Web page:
We don’t have a housing bubble. For that matter, we didn’t go through a stock tech bubble’s collapse around 2000.
What we have is a credit bubble. A bubble in financial instruments that are, at heart, a promise to pay you Wednesday for a hamburger today. The bubble comes in large part because the hamburger in hand is used as justification for a loan. Which is in turn used as a loan to someone who wants to buy a hamburger. Oh – and the anticipated interest in all these — the promises of profits — are used (like the hamburger above) to justify MORE loans.
Now in the long run, a complexity like this – or any bubble – comes crashing down for the simplest of reasons — a critical number of people quit believing they’re going to get theirs if they wait, and get what they can now. And those left can’t sustain enough belief (and dollars begetting dollars) to make up the difference. In short, the needle’s point is disillusionment.
I’ll digress briefly to point out that something is usually necessary to sharpen the needle. Usually, it’s something about the hamburger. There are always people “cashing out”, but what tends to sharpen the needle is when some people trying to cash out don’t get all the hamburger they thought they were supposed to get, and it gets noticed. OR to put it in more realistic imagery – the core product can’t be purchased, or profits are unable to pay the anticipated dividiend, or the ships that were carrying the spices sunk, or… you get the idea, I think. So much for the digression, back to the credit bubble.
Now here’s the fun part. If we were all rational, some disillusionment wouldn’t matter. We’d accept the occasional shortfall as something that happens, and continue onward. But then if we were rational we wouldn’t push median house prices to levels that less than 10% of the residents could afford, either. But we’re not rational, we’re manic-depressive. Bipolar. Whatever you call it, we have massive mood swings from optimist to pessimist. And when we swing pessimistic, it’s a doozy.
Everyone shifts their credit “just a bit” to cope. They quit loaning as much. They (perhaps) call in the loans a bit earlier. They ask a bit more interest on what is getting loaned. And suddenly there just isn’t as much credit out there — or in broadest terms, the “money supply” has decreased. (See Deflation-A in the definitions post). This becomes self-reinforcing. Less money means people have to spend what they have more wisely. Which means things don’t sell as much. Which results in a variety of things – higher inventories, reduced production, reduced paychecks and jobs, and eventually reduced prices. In short, a recession.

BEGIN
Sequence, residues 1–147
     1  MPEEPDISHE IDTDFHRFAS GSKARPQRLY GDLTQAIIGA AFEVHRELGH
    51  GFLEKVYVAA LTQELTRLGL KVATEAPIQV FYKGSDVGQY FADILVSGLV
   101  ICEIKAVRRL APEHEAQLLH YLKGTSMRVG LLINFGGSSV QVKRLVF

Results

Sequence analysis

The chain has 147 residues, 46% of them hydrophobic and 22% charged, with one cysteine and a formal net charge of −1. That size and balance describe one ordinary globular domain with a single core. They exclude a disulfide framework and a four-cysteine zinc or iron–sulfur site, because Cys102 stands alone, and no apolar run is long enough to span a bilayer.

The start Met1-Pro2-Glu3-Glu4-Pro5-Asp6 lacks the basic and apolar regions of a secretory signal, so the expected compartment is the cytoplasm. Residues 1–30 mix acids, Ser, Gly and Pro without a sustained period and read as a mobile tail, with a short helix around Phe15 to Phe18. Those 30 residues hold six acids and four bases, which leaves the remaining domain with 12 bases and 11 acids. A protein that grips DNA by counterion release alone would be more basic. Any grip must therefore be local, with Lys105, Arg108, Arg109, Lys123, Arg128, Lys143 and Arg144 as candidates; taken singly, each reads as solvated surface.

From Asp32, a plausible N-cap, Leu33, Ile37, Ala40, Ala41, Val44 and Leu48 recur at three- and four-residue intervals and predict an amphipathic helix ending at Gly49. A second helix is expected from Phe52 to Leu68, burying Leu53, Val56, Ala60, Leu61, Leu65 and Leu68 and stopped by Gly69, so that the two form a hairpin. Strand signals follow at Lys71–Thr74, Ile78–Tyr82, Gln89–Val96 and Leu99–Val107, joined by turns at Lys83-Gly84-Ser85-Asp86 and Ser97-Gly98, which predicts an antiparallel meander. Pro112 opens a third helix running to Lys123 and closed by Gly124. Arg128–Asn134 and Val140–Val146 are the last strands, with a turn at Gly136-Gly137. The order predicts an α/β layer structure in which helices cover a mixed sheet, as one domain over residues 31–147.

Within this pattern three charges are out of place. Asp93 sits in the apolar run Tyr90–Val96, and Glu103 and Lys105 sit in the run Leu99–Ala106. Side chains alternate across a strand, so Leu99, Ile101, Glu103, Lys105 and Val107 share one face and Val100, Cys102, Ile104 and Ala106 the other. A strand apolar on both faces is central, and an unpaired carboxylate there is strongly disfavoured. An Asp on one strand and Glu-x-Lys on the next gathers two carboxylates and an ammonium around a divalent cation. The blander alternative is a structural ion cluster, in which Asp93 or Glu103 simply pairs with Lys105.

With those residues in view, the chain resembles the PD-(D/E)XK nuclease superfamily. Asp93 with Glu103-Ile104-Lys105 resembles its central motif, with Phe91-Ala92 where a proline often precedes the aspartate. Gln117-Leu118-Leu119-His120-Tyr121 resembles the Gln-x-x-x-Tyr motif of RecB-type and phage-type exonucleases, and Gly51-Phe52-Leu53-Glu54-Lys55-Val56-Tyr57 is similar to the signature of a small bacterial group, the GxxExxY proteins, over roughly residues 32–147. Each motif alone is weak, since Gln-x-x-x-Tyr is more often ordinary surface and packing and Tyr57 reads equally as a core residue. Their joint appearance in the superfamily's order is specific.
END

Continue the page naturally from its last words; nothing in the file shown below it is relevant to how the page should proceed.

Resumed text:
And recessions can be diverted. Though some economists tell us that eventually the piper must be paid, there are two methods we use today. First, there’s the ‘add more money’ method. Someone does something to make people trust that the trigger is no longer a problem. I’ll point – to counter the skeptics – to the 1930s HOLC (Home Owner’s Loan Corporation) as an example of how this could be done. The other method is the “shiny object” method, where a new pool for the credit games can be deployed. In either case, the bubble quits shrinking. Faith is restored, and enthusiasm regains the upper hand.
I do not know if there will be a successful application of the addition or shiny object methods, but I do know we’ve crossed the bulge and are seeing the bubble’s deflation. I admit it took longer than I expected. I think – leading reports seem to indicate – that the actual deflation is going to be swifter than I thought as well, which will make catching it much harder.
Yes, Virginia, we’re going to see a recession. The only questions in my mind are how severe and how long.